1. CBD Testers: Why CBD Can Treat Schizophrenia While THC Can Make You Psychotic
What is schizophrenia?
Schizophrenia is the general term given to a group of conditions in which the person loses touch with reality.
It usually starts in the late teens to early twenties – before the brain is fully developed.
Biochemically, there is a dysfunction in two chemicals in the brain: glutamate & dopamine.
The glutamate is abnormally low & the dopamine is excessively high.
…Low glutamate results in low NMDA. NMDA helps in learning & memory.
When the glutamate is low, the NMDA will then be low, and the schizophrenic’s cognitive skills will be negatively affected.
…High dopamine can cause psychosis.
Psychosis is a term used to describe the “positive” symptoms of schizophrenia which include delusions, hallucinations, & disorganized speech.
Can THC make you psychotic?
Yes, but thankfully, not in everyone. THC works by binding to the CB1 receptor which causes dopamine to increase.
Too much THC can increase dopamine to such an excessive level that the user becomes psychotic.
Can THC cause those who have “latent” schizophrenia to manifest itself?
The brain begins to develop in the fetus, before we are born, and the “wiring” of the brain does not finish until young adulthood – around age 23.
Exposure to THC before the brain is fully developed can cause permanent “rewiring” of the brain and unleash latent psychotic symptoms of one who is predisposed to schizophrenia.
Most young adults do not have this predilection, but no one knows which young adult is at-risk until it is too late.
How is it that THC can aggravate the psychosis of schizophrenia, but CBD cannot?
THC binds to the CB1 receptor in the amygdala, resulting in the release of dopamine, which helps to reduce anxiety.
People with schizophrenia are more sensitive than normal people to dopamine release.
As a result, the dopamine that is caused by THC can create a schizophrenic attack.
CBD (cannabidiol) has no effect on dopamine because it works inside the cell, not on the cell surface – where THC works.
CBD inhibits FABP (fatty acid binding protein) which results in increased anandamide, a fatty acid neurotransmitter which gives one the sense of emotional centeredness and bliss.
Do people who are already suffering with schizophrenia “gravitate” to cannabis?
Those who have schizophrenia, have extreme anxiety to the extent that they become disconnected with reality.
By necessity, they seek out medications to help them.
The scientific and medical community have observed that there is a greater percent of those with schizophrenia using cannabis for self-medication than in the non-schizophrenic population.
Proof of CBD’s benefit in the treatment of psychosis
1.In studies performed on animals, high doses of CBD which bind to the D2 receptor in the amygdala (the same receptor that conventional antipsychotics bind to) resulted in a decrease of the symptoms of schizophrenia.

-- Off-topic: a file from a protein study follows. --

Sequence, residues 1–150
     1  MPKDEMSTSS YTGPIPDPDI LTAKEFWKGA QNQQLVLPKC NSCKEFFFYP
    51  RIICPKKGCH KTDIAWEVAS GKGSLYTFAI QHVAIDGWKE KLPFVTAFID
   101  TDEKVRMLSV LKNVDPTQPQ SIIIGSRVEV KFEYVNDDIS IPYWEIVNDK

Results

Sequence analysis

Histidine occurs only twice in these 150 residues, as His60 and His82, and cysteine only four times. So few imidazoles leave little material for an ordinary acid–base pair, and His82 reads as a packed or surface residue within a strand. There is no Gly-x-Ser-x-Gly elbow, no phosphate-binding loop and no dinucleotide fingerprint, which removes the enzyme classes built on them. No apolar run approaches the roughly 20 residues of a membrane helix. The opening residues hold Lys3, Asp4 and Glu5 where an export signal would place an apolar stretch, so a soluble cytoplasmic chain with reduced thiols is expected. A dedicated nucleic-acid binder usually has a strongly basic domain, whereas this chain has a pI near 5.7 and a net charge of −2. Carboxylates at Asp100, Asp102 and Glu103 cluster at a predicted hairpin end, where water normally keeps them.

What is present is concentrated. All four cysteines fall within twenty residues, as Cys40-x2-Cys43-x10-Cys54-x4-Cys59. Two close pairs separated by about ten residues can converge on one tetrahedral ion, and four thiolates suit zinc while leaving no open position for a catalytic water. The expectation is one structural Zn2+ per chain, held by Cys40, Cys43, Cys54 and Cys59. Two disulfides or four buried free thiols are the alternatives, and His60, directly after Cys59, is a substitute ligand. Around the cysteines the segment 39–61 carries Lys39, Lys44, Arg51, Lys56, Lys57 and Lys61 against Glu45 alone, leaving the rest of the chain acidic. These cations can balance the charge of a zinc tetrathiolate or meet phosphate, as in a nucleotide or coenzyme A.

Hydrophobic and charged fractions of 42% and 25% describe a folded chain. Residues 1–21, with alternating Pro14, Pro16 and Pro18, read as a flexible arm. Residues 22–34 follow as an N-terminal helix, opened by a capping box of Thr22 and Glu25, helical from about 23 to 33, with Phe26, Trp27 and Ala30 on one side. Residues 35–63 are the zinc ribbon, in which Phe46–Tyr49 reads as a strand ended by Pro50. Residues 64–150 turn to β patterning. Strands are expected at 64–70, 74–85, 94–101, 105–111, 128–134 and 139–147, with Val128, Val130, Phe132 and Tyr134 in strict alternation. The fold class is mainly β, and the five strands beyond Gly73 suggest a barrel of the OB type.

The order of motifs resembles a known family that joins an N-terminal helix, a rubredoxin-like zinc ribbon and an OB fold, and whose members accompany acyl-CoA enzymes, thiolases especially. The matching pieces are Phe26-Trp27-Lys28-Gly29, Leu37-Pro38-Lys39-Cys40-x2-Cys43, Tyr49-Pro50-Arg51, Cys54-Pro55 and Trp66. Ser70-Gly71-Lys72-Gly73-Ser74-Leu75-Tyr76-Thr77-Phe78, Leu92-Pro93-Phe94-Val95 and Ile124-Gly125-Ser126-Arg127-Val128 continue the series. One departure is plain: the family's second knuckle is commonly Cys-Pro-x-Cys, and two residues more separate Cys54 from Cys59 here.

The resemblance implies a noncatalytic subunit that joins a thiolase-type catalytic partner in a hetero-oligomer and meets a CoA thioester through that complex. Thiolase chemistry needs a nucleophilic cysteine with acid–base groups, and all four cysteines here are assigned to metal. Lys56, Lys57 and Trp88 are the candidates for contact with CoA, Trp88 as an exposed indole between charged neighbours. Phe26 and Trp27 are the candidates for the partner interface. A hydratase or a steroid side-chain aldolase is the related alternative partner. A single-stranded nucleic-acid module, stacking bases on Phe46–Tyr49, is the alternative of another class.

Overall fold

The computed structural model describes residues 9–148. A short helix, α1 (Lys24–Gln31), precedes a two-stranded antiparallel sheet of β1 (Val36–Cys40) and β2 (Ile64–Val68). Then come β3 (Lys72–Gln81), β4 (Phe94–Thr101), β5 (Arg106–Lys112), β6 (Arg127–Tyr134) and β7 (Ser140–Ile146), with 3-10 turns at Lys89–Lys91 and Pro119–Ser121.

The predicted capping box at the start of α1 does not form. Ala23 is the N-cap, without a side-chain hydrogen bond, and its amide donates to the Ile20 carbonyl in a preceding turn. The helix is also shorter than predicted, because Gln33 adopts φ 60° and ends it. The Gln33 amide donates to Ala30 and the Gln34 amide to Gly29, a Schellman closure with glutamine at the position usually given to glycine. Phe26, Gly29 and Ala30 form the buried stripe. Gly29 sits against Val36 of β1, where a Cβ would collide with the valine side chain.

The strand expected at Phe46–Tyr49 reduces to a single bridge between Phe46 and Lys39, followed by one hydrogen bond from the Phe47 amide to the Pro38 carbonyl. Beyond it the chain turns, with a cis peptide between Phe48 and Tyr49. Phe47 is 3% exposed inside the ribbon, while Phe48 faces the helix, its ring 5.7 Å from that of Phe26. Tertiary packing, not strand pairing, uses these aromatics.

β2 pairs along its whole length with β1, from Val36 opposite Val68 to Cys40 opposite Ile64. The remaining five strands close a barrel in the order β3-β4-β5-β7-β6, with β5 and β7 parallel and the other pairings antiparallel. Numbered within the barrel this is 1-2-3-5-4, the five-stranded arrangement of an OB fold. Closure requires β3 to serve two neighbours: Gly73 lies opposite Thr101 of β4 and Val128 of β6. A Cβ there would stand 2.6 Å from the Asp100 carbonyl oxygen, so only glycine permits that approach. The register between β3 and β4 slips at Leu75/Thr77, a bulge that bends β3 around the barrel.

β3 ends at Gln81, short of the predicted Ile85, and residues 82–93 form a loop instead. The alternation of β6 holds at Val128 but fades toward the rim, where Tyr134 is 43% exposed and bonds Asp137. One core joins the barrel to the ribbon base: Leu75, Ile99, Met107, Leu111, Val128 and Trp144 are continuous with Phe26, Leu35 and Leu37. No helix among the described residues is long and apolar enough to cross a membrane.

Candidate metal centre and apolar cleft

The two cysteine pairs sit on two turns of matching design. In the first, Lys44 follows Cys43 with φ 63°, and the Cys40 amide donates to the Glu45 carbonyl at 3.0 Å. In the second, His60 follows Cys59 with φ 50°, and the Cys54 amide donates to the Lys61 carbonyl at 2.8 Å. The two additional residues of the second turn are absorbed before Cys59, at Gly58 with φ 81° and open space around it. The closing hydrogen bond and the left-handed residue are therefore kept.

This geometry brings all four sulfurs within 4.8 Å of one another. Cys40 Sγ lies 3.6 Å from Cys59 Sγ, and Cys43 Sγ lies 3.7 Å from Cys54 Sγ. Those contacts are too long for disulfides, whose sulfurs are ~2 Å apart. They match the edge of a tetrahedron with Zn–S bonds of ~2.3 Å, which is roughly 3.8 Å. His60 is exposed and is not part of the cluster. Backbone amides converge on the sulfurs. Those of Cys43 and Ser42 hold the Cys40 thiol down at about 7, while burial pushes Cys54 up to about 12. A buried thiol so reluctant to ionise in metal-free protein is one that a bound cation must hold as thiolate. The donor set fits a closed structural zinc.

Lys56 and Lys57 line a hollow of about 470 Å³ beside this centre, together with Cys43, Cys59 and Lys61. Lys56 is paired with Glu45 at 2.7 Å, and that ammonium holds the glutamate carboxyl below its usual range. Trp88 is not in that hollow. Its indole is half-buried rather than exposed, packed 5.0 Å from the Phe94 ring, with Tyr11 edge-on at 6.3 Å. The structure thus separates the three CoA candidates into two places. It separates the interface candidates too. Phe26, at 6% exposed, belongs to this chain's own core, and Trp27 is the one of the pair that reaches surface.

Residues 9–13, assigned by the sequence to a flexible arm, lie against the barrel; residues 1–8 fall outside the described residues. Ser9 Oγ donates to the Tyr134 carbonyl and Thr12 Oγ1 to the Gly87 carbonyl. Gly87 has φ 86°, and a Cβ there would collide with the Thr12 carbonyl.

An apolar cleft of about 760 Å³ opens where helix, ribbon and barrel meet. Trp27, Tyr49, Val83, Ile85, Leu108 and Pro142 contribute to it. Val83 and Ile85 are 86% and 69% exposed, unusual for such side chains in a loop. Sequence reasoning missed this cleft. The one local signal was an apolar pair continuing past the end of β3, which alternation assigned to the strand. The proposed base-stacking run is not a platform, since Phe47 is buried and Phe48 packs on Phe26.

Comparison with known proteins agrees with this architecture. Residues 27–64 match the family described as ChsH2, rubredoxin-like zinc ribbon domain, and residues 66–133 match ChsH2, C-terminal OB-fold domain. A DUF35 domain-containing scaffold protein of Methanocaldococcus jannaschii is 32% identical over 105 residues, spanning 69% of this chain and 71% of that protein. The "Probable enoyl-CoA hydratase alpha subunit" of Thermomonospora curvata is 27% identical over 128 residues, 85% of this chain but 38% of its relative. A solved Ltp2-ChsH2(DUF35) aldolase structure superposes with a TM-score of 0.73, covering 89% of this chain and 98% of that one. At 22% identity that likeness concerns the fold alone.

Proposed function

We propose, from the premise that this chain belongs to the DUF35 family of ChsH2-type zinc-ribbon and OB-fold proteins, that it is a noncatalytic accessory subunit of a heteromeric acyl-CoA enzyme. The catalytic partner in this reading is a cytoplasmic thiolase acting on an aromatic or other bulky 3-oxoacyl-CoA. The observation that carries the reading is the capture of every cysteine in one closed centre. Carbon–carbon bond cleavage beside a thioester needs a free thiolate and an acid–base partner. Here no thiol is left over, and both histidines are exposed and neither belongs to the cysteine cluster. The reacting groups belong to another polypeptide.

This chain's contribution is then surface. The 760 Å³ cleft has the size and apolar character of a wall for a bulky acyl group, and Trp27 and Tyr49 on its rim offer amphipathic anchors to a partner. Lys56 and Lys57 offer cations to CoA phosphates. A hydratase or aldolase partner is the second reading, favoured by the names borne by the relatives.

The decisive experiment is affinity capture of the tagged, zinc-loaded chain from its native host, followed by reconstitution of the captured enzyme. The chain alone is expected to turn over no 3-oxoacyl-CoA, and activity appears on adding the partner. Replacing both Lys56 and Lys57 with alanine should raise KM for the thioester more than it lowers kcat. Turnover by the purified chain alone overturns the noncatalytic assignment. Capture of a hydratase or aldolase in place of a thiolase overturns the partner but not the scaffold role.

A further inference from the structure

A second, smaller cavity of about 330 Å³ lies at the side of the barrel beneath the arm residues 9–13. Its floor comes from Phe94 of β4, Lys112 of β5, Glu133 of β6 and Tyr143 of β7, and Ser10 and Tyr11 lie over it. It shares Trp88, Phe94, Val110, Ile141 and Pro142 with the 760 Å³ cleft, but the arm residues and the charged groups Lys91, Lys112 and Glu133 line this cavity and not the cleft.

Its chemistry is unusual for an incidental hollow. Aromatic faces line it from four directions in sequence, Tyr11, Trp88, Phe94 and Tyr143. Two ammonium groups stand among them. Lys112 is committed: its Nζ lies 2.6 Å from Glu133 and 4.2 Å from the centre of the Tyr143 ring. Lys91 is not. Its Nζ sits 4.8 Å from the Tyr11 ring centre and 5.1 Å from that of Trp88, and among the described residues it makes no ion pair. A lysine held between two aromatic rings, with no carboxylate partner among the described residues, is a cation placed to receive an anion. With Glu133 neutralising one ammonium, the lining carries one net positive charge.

2.In King’s College London Institute of Psychiatry, a study was conducted on eighty-eight humans, where half of the patients were given placebo and half of the patients were given CBD.
Both were allowed access to their existing antipsychotic medications.
The duration of the trial was six weeks.
Patients treated with CBD showed a significant reduction in symptoms of schizophrenia, with fewer side effects as opposed to those treated with placebo.
The psychiatrists who evaluated all eighty-eight patients confirmed that those who received CBD had improved.
3.CBD has been observed in multiple case reports on humans as being effective in the treatment of schizophrenia.
Doses of 600 mg a day for over four weeks have been used in studies with a remarkable safety profile.
4.Functional MRI studies on the brain reveal that the antipsychotic benefits that CBD give, are located in the limbic system – the parts of the brain that is involved in the psychotic symptoms of schizophrenia.
Take home points:
CBD can treat schizophrenia because it:
(1) blocks the ability of the CB1 receptor, when stimulated, to cause psychosis, and
(2) Blocks the D2 receptors in the limbic system which are excessively activated in schizophrenia.
(3) Increases anandamide – the bliss hormone – which gives the person a sense of centeredness, something which is grossly lacking in those suffering with the mental illness of schizophrenia.
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Written by Dr. Leah Zachar
2. STUFF (NZ): Front line police work may not significantly change with legal cannabis
“If we decriminalised tomorrow, probably the difference in outcomes wouldn’t be that much different to what we have now.”
* Police Association asks, ‘what if cops could legally use weed?’
* Cannabis should be decriminalised and taxed to pay for synthetics and meth treatment, says justice advocate
* Simon Bridges says National would enact referendum result on marijuana and euthanasia
* New Zealand takes step closer to legalising recreational marijuana use
* Cannabis campaigners say New Zealand is lagging behind the rest of the world
The debate comes as a referendum on legalised cannabis approaches.
Wilkins’ research showed the rate of arrests for cannabis reduced by 70 per cent between 1994 and 2014.
This was in part because of the introduction of pre-charge warnings in 2010, which helped unclog the courts and free up police time.
Yet 50 per cent of those arrested, predominantly Māori and those in lower-socioeconmic areas, were being convicted.
Police intelligence practitioner Carrie Drake said the current law was not necessarily broken, but police did need a clearer policy on enforcing personal use.
“It leaves us open to perceptions that the law is enforced arbitrarily, or on a race-based basis.”
A similar problem may arise with driving while impaired laws, possibly unenforceable if cannabis is legalised as there is no practical method of testing drivers.
Drake said police time was not freed up in the United States and the Netherlands, where cannabis use is legal.
Officers she spoke to in the US said Colombian drug cartels have a significant presence in legitimate cannabis retailers.
“The cannabis business itself may be run more-or-less clean, but they’ll be laundering money.”